The following text gives a detailed summary of the bureaucratic and legal hurdles an entrepreneur needs to overcome in order to incorporate and register a new firm in France. It outlines the steps involved in establishing a commercial or industrial firm with up to 50 employees and start-up capital of 10 times the economy’s per-capita gross national income (GNI).
1. Check name for uniqueness with the Institut National de la Propriété Industrielle (INPI)
Even though it is not legally mandatory to check the intended company name for uniqueness before registering a company, this step is included because legal outcomes may follow if this procedure is excluded. If the name is not checked and verified, the company / business is at risk of a lawsuit by another company. The company name can be checked online, and a summary check is free, but fees are incurred for copies of trademark filings found. An optional search of similar trademarks can be undertaken. These incur fees of EUR 40 for one class and EUR 400 for all classes.
2. Deposit the initial capital
It is a requirement that the initial capital be deposited with a notary public, the bank, or the Deposit and Consignment Office (Caisse des Dépôt), within 8 days of the collection of all funds. For the duration of the registration period, the initial capital is blocked, and then released once a K-bis form is presented.
3. Publish a notice of incorporation of the company
The notice of incorporation of the company is required to give the name of the company and its manager (gérant), share capital and registered office. The founder needs only a letter from the legal journal outlining the planned publication. The publication fee incurs a fee of EUR 5.20 a line for 40 characters, and dependent on the notice length and layout, the fee can vary from EUR 150 to EUR 300.
4. File a request for a company’s registration with the Centre de Formalités des Entreprises (CFE)
The Centre de Formalités des Entreprises (CFE) deals with all matters relating to the trade register in the court (RCS, Tribunal de Commerce), tax authorities (Centre des Impôts), statistics (INSEE), labor (Direction Departemental du Travail et de L’emploi), social security (URSSAF), health insurance (Caisse regionale D’assurance Maladie), unemployment insurance, pension, Employment Pole (Pole Emploi), and similar organizations. Included in this is the company bylaws registration with the tax office. Documents which must be filed in a single file include: Company articles of association and bylaws, lease, attestation of receipt of funds, documents concerning the manager, ad hoc forms, evidence of publication, and so on. After receipt of the request, the CFE is required to process the documents and send them to the respective offices and authorities. The CFE is given 15 days to return the documents for completion, if the request is incomplete. The information is entered automatically by the CFE in the Registre Nationale des Entreprise (Répertoire SIRENE). The CFE then receives identification numbers from the RNE: numero SIRENE (Systéme Informatique pour le Répertoire des Entreprises), numero NAF (Nomenclature des Activitees Francaises) and numero SIRET (Systéme Informatique pour le Répertoire des Etablissements). The tax authorities use the SIRET, amongst other things.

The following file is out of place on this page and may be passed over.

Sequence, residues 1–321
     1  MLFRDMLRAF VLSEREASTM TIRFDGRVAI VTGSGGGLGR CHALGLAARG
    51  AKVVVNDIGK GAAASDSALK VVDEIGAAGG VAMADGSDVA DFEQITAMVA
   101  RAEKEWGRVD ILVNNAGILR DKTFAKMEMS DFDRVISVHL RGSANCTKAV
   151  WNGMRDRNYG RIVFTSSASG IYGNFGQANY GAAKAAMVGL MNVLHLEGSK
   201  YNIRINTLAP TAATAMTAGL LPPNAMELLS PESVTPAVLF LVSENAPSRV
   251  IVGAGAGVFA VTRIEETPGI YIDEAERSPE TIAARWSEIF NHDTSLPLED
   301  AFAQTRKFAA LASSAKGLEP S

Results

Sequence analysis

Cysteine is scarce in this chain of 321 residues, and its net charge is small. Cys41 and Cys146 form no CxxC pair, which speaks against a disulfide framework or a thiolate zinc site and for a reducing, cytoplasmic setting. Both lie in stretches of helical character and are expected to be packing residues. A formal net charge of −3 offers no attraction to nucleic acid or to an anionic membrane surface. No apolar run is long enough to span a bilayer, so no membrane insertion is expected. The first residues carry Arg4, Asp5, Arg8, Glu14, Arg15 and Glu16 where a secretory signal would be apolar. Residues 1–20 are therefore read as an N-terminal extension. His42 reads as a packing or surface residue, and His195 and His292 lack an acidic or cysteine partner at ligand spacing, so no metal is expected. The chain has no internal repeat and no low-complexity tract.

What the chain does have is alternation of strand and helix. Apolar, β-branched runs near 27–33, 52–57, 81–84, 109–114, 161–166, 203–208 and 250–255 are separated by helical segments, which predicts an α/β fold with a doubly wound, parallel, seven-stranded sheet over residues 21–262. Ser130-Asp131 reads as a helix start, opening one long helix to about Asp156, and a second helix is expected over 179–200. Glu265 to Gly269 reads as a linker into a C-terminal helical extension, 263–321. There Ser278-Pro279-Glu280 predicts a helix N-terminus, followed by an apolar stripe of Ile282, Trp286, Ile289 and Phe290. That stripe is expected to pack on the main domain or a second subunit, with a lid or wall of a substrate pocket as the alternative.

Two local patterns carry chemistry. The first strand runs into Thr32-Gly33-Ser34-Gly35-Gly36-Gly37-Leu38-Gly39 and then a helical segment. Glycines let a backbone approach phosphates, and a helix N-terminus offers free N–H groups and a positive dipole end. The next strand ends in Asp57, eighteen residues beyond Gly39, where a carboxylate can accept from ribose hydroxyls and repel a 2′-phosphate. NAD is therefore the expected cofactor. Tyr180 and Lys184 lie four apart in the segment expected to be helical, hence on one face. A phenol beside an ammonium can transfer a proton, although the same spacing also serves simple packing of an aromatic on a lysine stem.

The Dutreil Law, the CFE or the Commercial Registry can deliver company creation receipt (récepissé de creation d’entreprise) once they have obtained the documents. This allows the company to begin operations without having to wait for its RCS number.
Although, the principle of electronic company registration was enforced by Law 2003-721 (August 1, 2003) and implemented under Decree No. 2005-77 (February 1, 2005), a hard copy file is also still a requirement. The founder has the option to file either with the CFE or directly with the Companies Registry (greffe), which subsequently files the documents with the CFE on the company’s behalf, as of Decree No. 2006-679 of June 9, 2006. This option costs less because the CFE service fees are not included. However, the company’s bylaws must be registered with the tax administration in person, by the founder.
5. Buy company books (minute books, inventory books, ledgers). Have company books initialed and stamped by the clerk of the commercial court
Special accounting company books which have numbered pages / numbered sheets need to be bought from the court or specialized stores, both of which must be certified by the Commercial Court. The certification is made only once (when the company is incorporated), if a book with numbered pages is used, and where numbered sheets are used, the certification must be made for the minutes of shareholders’ meeting. For practical reasons books are often used, because if an accounting book is used, the certification needs to be made once each fiscal year. It is possible to have an electronic minute book, provided that the steps to draft the document is secured (to avoid document modification once it is drafted). This action is not often used because a secured procedure has not been clearly determined and the commercial court certification is more intricate in that case. After the company begins its operation, it is possible to obtain the book later.